Cairn wasn’t prepared for offshore oil spill near Greenland: report
"A significant underestimate of the flow rate of oil into the marine environment in a worst-case blowout scenario"
The Ocean Rig Corcovado, drilling about 180 kilometres offshore Nuuk, drilled down 4,847 metres in 2011, having encountered “minor hydrocarbon shows.” (FILE PHOTO)
Just how prepared was Cairn Energy PLC was for its drilling for oil offshore western Greenland in 2011?
That’s what Inuit Circumpolar Council-Greenland and Oceans North Canada hoped to learn in a third-party technical review report they recently commissioned.
ICC and Oceans North say their report, released last week, shows there’s a need for stronger independent scrutiny and more public participation in the regulatory process governing offshore drilling.
“Although the technical review showed that indeed some best practices were followed, there are still an overall need for strengthening the procedures and practices,” ICC said in an introduction to the report.
In the spring of 2012, ICC and Oceans North Canada commissioned the independent third-party technical review of Cairn Energy’s 2011 offshore oil exploration drilling program in western Greenland.
In 2011, Cairn completed the second year of its offshore drilling program there.
But by the end of that season, Cairn said it had not found commercial quantities of oil and gas, and that they would do no offshore drilling in Greenland waters in 2012.
ICC-Greenland concluded that this “pause” in exploratory drilling provided a chance to review aspects of the completed project and to look at strengths and weaknesses in the planning and execution of the project.
The resulting report concludes there appeared to be weaknesses in Cairn’s oil spill prevention and contingency plan for 2011, including what seemed to be “a significant underestimate of the flow rate of oil into the marine environment in a worst-case blowout scenario.”
The review by investigator, Susan Harvey, who has more than 25 years experience as a petroleum and environmental engineer, also assessed the drilling project in comparison to other Arctic countries.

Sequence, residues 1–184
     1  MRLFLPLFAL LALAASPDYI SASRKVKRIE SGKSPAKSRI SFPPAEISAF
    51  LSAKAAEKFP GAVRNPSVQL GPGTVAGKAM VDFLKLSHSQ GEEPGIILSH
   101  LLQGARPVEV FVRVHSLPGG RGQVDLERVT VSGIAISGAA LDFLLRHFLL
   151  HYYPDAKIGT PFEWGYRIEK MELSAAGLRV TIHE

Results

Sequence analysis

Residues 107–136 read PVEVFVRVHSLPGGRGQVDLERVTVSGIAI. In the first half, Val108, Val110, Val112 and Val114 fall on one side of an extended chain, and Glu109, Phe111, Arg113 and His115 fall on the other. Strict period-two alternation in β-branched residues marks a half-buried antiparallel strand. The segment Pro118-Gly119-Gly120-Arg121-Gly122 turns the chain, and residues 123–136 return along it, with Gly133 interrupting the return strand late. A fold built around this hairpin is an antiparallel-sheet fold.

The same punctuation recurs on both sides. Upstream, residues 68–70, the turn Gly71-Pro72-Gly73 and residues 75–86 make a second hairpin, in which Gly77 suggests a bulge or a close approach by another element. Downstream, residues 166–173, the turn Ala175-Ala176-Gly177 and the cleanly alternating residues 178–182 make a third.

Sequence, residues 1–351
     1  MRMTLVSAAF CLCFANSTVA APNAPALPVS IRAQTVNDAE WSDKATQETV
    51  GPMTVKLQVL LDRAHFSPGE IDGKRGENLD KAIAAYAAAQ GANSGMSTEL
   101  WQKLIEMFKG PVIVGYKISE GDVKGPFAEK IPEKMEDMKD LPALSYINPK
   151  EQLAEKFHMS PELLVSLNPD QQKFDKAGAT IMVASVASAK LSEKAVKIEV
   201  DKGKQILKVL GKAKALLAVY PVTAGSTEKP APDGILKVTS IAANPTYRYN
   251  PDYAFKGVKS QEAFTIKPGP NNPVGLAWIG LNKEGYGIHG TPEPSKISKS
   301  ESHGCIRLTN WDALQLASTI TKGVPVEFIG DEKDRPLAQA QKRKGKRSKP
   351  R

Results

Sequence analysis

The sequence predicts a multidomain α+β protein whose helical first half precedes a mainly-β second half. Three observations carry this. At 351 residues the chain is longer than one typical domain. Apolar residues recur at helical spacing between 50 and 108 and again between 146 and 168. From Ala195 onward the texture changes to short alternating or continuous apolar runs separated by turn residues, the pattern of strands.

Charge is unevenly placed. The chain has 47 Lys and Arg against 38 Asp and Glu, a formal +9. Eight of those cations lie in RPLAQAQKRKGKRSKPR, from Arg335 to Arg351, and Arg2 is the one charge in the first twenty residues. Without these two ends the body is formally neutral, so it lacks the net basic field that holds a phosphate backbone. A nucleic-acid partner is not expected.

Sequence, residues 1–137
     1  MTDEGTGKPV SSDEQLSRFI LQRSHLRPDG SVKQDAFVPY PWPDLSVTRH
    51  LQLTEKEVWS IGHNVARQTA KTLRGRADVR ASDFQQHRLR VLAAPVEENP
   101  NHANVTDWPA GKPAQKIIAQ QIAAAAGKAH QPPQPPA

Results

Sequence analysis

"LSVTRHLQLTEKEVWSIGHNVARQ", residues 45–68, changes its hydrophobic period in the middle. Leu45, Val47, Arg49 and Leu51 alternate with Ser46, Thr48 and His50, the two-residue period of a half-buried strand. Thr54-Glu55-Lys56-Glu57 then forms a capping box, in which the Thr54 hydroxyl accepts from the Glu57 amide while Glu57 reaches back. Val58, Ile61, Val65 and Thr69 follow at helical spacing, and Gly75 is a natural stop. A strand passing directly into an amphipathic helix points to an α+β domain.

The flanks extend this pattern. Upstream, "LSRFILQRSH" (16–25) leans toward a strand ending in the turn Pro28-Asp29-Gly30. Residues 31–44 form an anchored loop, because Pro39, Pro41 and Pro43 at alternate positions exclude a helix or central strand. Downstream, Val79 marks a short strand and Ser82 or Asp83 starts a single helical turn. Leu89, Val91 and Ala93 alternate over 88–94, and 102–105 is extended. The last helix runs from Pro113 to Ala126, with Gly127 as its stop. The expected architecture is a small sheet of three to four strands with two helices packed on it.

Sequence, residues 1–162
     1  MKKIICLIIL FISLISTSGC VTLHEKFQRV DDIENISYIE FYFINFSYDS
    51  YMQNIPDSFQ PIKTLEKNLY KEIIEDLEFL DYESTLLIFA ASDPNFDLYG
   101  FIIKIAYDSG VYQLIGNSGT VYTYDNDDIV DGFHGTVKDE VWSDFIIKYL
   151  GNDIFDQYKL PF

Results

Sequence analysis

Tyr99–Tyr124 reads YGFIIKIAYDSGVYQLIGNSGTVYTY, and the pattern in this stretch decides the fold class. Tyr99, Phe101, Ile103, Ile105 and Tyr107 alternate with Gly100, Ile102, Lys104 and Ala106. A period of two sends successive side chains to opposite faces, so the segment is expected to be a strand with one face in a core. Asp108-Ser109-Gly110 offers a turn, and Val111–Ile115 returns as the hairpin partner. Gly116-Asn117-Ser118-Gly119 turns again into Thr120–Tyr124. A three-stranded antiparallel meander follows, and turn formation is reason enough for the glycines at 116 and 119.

“This report demonstrate that there is a pressing need to open the environmental impact assessment process to third parties (citizens and civil society organizations). When it comes to reducing the risk of environmental damage caused by offshore drilling, a more transparent process can only result in stronger protection of our marine environment,” said ICC.
The final report “Project Review: Cairn Energy’s 2011 Offshore Drilling in West Greenland,” now posted online, also provides a detailed account of the information provided to ICC-Greenland by Greenland officials.
“More importantly, the report provides a detailed account of what has not been provided,” ICC said.
That’s because much of the information needed to review the safety of the offshore drilling program was not made available to the reviewer, ICC said.
This lack of information, despite meetings, correspondence and formal requests, frustrated ICC-Greenland’s attempts “to become more informed and to participate in this conversation about the future of renewable and non-renewable natural resources.”
Jens-Erik Kirkegaard Greenland’s minister of natural resources defended Cairn in a recent interview in Greenland’s Sermitsiaq AG newspaper.
“Cairn Energy had a response that was larger than the worst-case scenario they had described. Aircraft and ships were ready to intervene if the worst should happen,” said Kirkegaard.
Although Kirkegaard rejected that part of the criticism, he said welcomed ICC’s initiative to analyze preparedness for an oil spill.
“You can always make things better, and so do we, among other things by working together with associations and organizations and talk about how we can make things better. We are a small people, and we need all the strength to make things even better,” he said.
Kirkegaard also promised to make things more open and have a better dialogue with the public.
To that end, Greenland’s home rule government and ICC have agreed to meet regularly for discussions on environmental issues.